But only check'd th' ambition of the Spire.
That Lofty Head, which did too high aspire,
Was soon Lopp'd off by the victorious Fire.
Then did that Tyrant, Time, the common Foe
Of aged things, strive hard to overthrow

Thy weak and tottering Columns, but in vain;
For all its Force thou well could'st then sustain :
Great CHARLES, That Earthly God did Thee Defend,
Who was to holy things a constant Friend;
Thy Friend and thy Physician he did prove,
Fed with the Sacred Fire of zealous Love.

He heal'd thy wounds; nor did he leave thee so;
But added to thy State a Portico.

But when thy Zealous Patron Charles had been
Huff'd by bold Rebels, when their Plots were green;
His Native Right out-justled by the Rout,

And Treacherous Swords against the Scepter fought;
When that prevailing Party bore such Sway,

Nought could, but Royal Blood, their Rage allay;
Those Hurricanes of State who could withstand,
When dismal Ruine overflow'd the Land?

Thy spotless Innocency prov'd to be

But an incentive to their Cruelty.

So does the harmless Dove a Victim fall
To Hawks, which Banquet at her Funeral.
Thy Loyalty did truly then appear,

Thou didst a part in all his Sufferings bear
Who was the Lord's anointed; and we own
It fit, that Kings don't mourn, or dye alone.
Like a dejected Widow, you had on

Griefs Livery, because your Lord was gone.
No Chorister durat then approach that Quire,
Which Men, nay Angels once might well admire.
Thy Hymns Divine were Banish'd; and the noise
Of Horses lowder than the choisest voice.
Though marble, you sure wept to see such Guests
So near your Hallow'd Altar daily feast.
Unparalleld Prophaneness! since we know,
That Heathens never us'd their Temples so.
Their Blind Devotion still such reverence pay'd

To those Mock-Gods which their own hands had made,

What 'ere was dedicated to their Name,

Might not be touch'd by any thing prophane.
But our Reformers were so frugal grown,
They thought it was too much for God alone,
A whole Cathedral to Monopolize.
And therefore were so zealous and so wise,
Him and his service both they bid farwell;
And suffer Horses in his Courts to dwell.
Religion sure, is brought to strange decay,
When none but Horses tread the sacred way.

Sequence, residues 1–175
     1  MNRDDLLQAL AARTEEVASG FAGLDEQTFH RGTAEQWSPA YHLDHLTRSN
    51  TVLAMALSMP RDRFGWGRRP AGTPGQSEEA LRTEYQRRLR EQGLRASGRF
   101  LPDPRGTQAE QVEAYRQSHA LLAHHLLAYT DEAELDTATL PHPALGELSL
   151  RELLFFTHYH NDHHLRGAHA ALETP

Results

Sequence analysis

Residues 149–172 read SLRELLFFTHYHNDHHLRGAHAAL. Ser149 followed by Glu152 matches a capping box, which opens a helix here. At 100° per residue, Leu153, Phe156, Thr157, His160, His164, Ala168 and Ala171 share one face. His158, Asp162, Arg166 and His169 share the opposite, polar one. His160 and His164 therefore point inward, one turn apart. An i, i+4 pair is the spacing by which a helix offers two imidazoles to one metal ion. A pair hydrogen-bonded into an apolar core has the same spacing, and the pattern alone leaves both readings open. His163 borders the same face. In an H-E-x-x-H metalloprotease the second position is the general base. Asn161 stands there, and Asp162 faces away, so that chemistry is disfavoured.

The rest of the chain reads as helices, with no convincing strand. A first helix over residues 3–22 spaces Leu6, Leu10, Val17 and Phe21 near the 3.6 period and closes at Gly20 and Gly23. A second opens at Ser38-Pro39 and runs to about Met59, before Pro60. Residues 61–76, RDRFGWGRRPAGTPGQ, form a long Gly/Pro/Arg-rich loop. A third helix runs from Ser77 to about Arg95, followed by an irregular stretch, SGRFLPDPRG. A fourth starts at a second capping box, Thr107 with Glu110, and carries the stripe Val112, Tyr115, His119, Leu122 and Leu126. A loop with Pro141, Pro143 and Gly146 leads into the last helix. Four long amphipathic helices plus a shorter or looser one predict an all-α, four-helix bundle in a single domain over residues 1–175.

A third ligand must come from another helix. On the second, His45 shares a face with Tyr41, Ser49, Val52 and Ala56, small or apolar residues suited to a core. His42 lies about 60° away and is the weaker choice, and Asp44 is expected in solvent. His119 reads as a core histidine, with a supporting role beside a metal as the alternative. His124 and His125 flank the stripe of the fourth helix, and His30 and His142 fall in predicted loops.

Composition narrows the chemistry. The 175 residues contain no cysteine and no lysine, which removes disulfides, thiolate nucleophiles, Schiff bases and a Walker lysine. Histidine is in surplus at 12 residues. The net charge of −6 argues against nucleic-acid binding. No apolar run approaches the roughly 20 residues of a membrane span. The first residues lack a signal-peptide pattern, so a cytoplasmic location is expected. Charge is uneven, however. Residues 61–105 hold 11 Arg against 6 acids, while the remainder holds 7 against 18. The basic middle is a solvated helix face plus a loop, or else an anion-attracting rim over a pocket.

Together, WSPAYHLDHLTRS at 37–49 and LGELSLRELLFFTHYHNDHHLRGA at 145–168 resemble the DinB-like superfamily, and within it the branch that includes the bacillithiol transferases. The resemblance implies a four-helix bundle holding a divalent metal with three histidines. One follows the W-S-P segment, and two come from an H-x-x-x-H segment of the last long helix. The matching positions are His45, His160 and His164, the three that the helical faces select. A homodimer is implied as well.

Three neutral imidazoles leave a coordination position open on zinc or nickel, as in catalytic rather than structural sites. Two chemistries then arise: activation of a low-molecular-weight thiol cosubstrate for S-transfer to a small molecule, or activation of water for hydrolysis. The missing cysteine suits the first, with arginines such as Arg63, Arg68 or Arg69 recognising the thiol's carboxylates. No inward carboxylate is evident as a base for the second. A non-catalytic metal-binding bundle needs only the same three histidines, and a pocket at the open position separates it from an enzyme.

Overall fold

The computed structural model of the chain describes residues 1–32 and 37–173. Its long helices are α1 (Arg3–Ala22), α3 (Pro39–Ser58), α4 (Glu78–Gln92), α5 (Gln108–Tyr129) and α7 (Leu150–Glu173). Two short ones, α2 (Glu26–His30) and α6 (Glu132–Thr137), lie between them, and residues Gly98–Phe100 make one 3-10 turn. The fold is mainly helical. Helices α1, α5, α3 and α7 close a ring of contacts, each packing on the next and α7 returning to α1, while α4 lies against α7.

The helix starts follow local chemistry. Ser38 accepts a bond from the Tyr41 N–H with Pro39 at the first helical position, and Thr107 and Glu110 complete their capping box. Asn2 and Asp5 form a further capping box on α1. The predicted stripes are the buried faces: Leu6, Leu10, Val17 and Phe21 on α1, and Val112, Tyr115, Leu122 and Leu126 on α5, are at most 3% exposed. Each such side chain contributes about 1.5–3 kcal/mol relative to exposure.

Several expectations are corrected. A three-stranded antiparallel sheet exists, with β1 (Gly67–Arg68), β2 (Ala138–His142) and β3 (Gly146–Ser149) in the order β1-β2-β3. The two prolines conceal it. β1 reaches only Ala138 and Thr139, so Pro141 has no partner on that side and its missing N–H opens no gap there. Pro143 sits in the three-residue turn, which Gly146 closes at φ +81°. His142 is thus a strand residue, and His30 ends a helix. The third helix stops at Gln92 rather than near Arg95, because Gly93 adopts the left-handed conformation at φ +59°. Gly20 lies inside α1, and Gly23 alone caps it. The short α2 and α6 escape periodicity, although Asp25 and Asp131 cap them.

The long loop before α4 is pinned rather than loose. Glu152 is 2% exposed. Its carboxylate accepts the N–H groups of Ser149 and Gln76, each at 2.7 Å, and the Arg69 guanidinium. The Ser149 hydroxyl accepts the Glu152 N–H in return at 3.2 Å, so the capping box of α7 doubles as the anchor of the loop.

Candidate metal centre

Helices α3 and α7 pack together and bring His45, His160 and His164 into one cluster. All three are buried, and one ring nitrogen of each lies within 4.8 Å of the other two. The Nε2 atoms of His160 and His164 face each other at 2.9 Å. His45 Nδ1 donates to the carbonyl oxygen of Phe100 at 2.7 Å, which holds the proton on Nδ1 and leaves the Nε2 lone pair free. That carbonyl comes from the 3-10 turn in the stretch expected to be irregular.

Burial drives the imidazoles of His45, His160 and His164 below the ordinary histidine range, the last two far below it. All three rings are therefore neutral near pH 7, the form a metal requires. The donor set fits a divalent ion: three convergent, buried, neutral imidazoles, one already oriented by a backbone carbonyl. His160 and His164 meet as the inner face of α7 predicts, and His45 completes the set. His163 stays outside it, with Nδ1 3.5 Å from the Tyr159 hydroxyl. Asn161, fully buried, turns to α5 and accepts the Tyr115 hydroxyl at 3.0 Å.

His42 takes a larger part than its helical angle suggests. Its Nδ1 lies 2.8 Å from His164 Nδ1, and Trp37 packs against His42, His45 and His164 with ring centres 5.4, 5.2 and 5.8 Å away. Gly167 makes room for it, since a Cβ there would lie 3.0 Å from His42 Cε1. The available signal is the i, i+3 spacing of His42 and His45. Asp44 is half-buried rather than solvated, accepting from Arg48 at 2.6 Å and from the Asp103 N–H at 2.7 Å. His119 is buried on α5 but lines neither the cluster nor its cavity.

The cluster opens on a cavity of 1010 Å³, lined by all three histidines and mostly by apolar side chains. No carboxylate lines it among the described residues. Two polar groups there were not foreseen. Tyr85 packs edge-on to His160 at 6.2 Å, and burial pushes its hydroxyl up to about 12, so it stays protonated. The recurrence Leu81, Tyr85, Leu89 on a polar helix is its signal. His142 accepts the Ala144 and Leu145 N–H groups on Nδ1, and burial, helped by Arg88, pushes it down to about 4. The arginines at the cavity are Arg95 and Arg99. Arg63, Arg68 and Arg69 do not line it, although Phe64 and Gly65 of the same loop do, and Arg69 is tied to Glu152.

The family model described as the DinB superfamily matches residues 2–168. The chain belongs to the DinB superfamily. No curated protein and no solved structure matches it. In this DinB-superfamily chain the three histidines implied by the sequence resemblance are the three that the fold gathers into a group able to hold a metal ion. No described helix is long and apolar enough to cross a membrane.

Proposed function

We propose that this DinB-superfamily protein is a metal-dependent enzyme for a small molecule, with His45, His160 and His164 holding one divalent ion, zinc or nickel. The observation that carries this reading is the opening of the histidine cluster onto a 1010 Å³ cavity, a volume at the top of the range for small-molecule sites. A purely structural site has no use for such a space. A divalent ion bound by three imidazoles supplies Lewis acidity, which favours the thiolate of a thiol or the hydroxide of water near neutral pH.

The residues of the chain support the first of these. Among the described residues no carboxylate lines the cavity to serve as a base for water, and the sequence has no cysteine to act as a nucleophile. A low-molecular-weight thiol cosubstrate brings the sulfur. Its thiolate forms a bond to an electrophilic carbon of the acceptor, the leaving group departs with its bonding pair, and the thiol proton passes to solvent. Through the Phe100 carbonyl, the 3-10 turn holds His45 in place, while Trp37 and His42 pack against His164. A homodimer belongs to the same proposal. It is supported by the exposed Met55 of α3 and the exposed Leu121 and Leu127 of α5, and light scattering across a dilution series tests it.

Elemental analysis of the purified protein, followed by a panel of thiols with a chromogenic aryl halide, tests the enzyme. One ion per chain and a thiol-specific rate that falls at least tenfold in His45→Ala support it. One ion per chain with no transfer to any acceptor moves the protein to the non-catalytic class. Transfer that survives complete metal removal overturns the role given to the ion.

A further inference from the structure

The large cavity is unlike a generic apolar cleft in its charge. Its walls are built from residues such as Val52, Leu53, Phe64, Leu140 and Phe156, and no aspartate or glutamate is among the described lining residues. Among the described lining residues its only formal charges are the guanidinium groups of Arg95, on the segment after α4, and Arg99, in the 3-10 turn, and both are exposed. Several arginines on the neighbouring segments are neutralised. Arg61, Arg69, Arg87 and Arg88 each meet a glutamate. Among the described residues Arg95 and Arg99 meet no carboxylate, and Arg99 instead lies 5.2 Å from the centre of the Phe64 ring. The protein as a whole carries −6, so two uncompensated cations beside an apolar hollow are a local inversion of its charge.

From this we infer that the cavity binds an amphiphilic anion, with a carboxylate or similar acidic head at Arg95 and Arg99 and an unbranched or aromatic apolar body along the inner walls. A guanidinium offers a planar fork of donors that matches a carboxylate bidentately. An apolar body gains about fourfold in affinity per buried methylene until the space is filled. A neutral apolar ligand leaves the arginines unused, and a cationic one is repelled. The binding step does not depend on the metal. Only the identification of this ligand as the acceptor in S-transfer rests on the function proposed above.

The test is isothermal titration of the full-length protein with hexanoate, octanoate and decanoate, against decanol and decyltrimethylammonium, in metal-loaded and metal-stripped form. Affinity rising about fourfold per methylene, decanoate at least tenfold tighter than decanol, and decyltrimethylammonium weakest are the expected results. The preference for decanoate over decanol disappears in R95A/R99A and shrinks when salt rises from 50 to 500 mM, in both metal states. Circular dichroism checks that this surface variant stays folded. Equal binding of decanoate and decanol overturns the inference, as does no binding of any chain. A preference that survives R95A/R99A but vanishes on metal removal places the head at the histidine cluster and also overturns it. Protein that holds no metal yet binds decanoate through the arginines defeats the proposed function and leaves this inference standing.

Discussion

Those storms were overblown at last; the Air
Once more began to look serene and fair:
Our Prince's Restauration seem'd to be
A happy and long-wish'd for Jubile.

Those Eyes which seldom saw that Stranger sleep,
Oppress'd with misery, forgot to weep.
The sad Reflections on past Tyranny,
Were swallowed up in thoughts of Liberty.
Such universal joy as knows no Bounds,
In ev'ry Loyal Subjects heart was found.
Then did you like those Embers that have lain
In heaps of Ashes, your Lost Strength regain :
In peace and Triumph then you had a share;
Because misfortunes you so well did bear.

No strength so great, no universal sway;
But must at last to Nature Tribute pay.
The blooming Rose, the Glory of the Spring,
By one cold Blast is left a silly thing.
When Phoebus with the greatest State and Pride,
Mounted his Chariot, doth in Triumph ride;
Some sullen and malicious Cloud in spight,
With Sable Curtains doth ecclipse his Light.
So was thy Infant-Bliss a Martyr made,
Toth' utmost rage of cruel flames betray'd:
Flames crueller than those which did destroy
Thy walls, the works oth' Gods O Troy!
A fiery Army sure's enough to make
The haughtiest and most daring spirit quake:
Such grim-l'ook'd Enemies did then appear;
Which never understood what 'twas to fear,
The frowning General his well-Marshall'd Troops
Summons together; then about him looks:
My Fellow-Souldiers, you have always been
With Laurel Crown'd; but yet have never seen
An Enemy so vast, so brave as this;
Who of the greatest danger worthy is.
Behold a City sleeping and secure,
Not apprehending us, or danger near :

One bold Attack will make her Towers shake;
The next, a place so unprovided take.
Here heaps of Gold, and Jewels crowded lye,
As if it were the Worlds vast Treasury.

A Prospect of such Plunder sure would set
New Edges on your Swords, and Courage whet;
He spake th' impatient Troops in hast fall on,
As if they thought, they'd been kept back too long.
Each takes his several Post; thus did they fight;
And then their rallied Companies unite.
Horrour's Effigies then fill'd every place,
To see its Ruine marching on apace.

In vain they supplicate the mighty power
Of conquering Flames, and shed a fruitless Shower
Of Briny Tears, whilst each repeated Cry
Helpes to make up the Scene of Misery.
The Sun when he his Course had scarce half run,
Blushing, Retires, to see himself out-done;
To see a Fire on Earth so strangely bright,
Which made continual day, and knew no Night;
Such Clouds of Smoak each Minute did arise;
That Gods might think 'twas some great Sacrifice.
A Real Sacrifice it was; but such,
No Tongue or Pen can 'ere lament too much:
Mistake most dismal, and unheard device,
When Altars are themselves the Sacrifice.
Those Sacred Temples which did others save,
Now burn'd to Ashes, cannot find a Grave:
But must with common things confused lye,
Unless distinguished by an Elegy.

In this how kindly did the Fates conspire?
Though Urns they wanted, yet had Funeral Fire.
Thy Crisis now unhappy Church we see,
Who long had strugled with hard Destiny:
Tryals of Fire you did before endure,
Which purged your Dross, yet left you not secure :
These Flames Impartial were, and mow'd down all;
Nor could you e're have had a nobler fall;
Sharing your Fate, when others did attend,
Ambitious of their Mother-Churches End.
The difference this; although y'ad all one death,
On them alone the Fates bestow'd new breath:
They only rose again, 'tis only they,
Who seem to antidate the general day.
Continual Changes through each Creature pass
Until Transform'd again to what it was.

Heavens glorious Host, the Stars with sparkling Eyes
Have their Declinings, but they set to rise..